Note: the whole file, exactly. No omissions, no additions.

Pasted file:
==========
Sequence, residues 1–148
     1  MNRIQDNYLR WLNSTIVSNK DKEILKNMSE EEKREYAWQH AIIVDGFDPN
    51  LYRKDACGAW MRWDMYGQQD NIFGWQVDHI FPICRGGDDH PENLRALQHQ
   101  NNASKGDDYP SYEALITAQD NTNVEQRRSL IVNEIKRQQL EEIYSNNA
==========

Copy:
Sequence, residues 1–148
     1  MNRIQDNYLR WLNSTIVSNK DKEILKNMSE EEKREYAWQH AIIVDGFDPN
    51  LYRKDACGAW MRWDMYGQQD NIFGWQVDHI FPICRGGDDH PENLRALQHQ
   101  NNASKGDDYP SYEALITAQD NTNVEQRRSL IVNEIKRQQL EEIYSNNA